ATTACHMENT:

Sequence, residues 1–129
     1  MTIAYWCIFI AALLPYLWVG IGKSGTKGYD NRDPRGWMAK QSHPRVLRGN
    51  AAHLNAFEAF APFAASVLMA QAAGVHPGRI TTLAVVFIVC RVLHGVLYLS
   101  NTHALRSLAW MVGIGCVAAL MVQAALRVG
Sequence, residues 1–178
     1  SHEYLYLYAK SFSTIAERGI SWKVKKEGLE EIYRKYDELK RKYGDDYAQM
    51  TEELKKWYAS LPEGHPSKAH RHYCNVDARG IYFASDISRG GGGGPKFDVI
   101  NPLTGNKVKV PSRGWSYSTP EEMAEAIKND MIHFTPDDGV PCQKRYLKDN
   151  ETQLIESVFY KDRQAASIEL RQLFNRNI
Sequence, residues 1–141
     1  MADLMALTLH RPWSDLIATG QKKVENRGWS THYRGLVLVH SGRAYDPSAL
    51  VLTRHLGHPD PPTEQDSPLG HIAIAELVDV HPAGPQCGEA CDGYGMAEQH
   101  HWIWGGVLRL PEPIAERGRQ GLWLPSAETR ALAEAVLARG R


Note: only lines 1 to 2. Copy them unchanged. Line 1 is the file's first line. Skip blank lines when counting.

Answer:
Sequence, residues 1–129
     1  MTIAYWCIFI AALLPYLWVG IGKSGTKGYD NRDPRGWMAK QSHPRVLRGN